The first time, Tsukamura described the genus Gordona in 1971.[1] In 1977 and 1997, respectively, Goodfellow and Alderson reclassified members of the genus Gordona into the genus Rhodococcus due to the similarity of phenotypic and morphologic characterization [15] and this genus was renamed as Gordonia by Stackebrandt et al.[16]Gordonia species are extensively distributed in the environment, especially in soil. Members of this genus are aerobic, catalase-positive, partially acid-fast, non-motile, and Gram-positive rods.[1] Recently, 38 species of Gordonia has been identified by phenotypic and molecular techniques ( The genus Gordonia is an opportunistic pathogen in healthy individuals and particularly in patients with disorders of the immune system.[17],[18]Gordonia spp. can be misidentified when examined using phenotypic tests alone [19],[20] therefore, used the molecular methods such as 16S rRNA gene sequencing, HSP-RFLP, and gyrB gene sequencing.[21],[22],[23],[24] Full-sequence 16S rRNA gene sequencing is suitable for accurate identification in the genus Gordonia. Drancourt et al. reported G. terrae of brain abscess and central nervous system in 1994 and 1997, respectively.[5],[6] Gil-Sande et al. reported G. terrae ofacute cholecystitis in 2006.[20] Grisold et al. in 2007 reported G. terrae from a patient with catheter-related bacteremia.[25] Blanc et al. isolated G. terrae of palpebral abscess in 2007.[19] Lai et al. reported fifteen cases of Gordonia spp. such as Gordonia sputi and G. terrae from Taiwan, in 2010.[21] All articles listed were used of 16S rRNA gene sequencing for molecular identification. G. terrae is one of this species that have been misidentified as Rhodococcus because both genera have similar biochemical characteristics and most species have red to orange-pigmented colonies and commercial kits have not introduced for different them from the similar genus (aerobic actinomycetes).[1],[19],[21],[26] Gordonia, Nocardia and Tsukamurella are Gram-positive and partially acid-fast with non-Mycobacterium tuberculosis. The genus Nocardia growth in lysozyme broth and has aerial hyphae but Gordonia (Gordonia amarae and Gordonia defluvii exhibit aerial hyphae with microscopically), Tsukamurella and non-M. tuberculosis are negative for growth in lysozyme broth and aerial hyphae. Beta-galactosidase is positive in Tsukamurella and Nocardia.[20],[27],[28],[29],[30],[31],[32],[33] In conclusion, we have two recommendation for microbiologists that interested for study in this genus, clinical laboratory and clinicians: (1) Environmental study of this pathogen is important in each region (transfer to human from environmental source) (2) isolation of this microorganism from clinical samples is difficult and rarely because this microorganism are similar to Rhodococcus spp. and Nocardia spp. in some features and need a skillful specialist and molecular works.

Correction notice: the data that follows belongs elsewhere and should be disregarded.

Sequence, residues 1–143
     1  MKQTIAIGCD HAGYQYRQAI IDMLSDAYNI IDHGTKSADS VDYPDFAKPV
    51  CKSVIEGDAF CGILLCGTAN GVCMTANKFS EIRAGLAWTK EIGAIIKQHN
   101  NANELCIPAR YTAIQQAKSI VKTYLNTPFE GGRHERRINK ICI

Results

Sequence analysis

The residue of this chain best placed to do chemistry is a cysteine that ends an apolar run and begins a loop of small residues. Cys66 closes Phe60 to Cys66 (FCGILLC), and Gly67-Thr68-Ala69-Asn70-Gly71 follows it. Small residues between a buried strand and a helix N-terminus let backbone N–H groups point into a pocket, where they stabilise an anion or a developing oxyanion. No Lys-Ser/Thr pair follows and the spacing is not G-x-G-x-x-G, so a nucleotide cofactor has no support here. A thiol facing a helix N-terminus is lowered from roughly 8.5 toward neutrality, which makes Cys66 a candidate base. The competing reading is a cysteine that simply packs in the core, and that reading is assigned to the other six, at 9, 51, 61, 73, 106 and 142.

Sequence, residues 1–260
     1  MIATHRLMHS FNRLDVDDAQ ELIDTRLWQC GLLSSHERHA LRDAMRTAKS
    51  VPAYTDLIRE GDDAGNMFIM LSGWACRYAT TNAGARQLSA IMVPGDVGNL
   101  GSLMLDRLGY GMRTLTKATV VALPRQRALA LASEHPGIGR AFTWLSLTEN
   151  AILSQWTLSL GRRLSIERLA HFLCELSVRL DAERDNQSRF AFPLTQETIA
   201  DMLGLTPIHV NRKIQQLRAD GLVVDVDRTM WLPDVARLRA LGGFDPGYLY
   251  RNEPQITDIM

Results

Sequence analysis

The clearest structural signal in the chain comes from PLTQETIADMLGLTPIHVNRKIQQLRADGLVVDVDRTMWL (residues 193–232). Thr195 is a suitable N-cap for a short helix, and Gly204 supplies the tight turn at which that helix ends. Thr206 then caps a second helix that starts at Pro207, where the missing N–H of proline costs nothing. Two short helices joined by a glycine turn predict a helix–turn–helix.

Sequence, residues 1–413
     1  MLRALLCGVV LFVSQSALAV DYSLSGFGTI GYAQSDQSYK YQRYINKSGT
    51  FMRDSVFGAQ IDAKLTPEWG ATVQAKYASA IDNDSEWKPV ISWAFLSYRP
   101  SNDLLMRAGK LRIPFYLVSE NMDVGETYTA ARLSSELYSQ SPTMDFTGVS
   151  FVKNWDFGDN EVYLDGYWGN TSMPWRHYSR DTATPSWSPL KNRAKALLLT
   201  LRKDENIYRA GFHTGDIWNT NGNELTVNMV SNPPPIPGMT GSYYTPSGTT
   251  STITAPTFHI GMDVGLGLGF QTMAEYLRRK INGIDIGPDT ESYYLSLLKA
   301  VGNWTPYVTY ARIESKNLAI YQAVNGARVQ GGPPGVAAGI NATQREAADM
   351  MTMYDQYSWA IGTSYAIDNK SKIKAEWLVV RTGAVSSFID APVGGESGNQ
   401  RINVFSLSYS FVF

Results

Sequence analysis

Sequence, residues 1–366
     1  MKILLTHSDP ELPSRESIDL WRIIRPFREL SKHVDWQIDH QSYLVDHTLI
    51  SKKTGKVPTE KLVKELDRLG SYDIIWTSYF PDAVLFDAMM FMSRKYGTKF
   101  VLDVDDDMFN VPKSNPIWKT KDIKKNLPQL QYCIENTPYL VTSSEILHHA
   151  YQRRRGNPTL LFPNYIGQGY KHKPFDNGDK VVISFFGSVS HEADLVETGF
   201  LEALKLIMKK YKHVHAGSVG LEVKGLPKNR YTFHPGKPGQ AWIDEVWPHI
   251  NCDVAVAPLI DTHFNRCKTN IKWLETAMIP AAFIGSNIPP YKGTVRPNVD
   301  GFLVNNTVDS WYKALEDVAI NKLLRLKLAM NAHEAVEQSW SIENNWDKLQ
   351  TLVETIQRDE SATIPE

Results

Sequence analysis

The authors would like to thank Tehran University of Medical Sciences (school of public health) and Shahid Sadoughi University of Medical Sciences for their support.

Financial support and sponsorship


Conflicts of interest

There are no conflicts of interest.

  References Top

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Lai CC, Hsieh JH, Tsai HY, Liao CH, Hsueh PR. Cutaneous infection caused by Gordonia amicalis after a traumatic injury. J Clin Microbiol 2012;50:1821-2.  Back to cited text no. 2
Tsukamura M. Proposal of a new genus, Gordona, for slightly acid-fast organisms occurring in sputa of patients with pulmonary disease and in soil. J Gen Microbiol 1971;68:15-26.  Back to cited text no. 3
Herath H, Athukoralage P, Jamie JF. Two oleanane triterpenoids from Gordonia ceylanica and their conversions to taraxarane triterpenoids. Phytochemistry 2000;54:823-7.  Back to cited text no. 4
Drancourt M, McNeil MM, Brown JM, Lasker BA, Maurin M, Choux M, et al. Brain abscess due to Gordona terrae in an immunocompromised child: Case report and review of infections caused by G. terrae. Clin Infect Dis 1994;19:258-62.  Back to cited text no. 5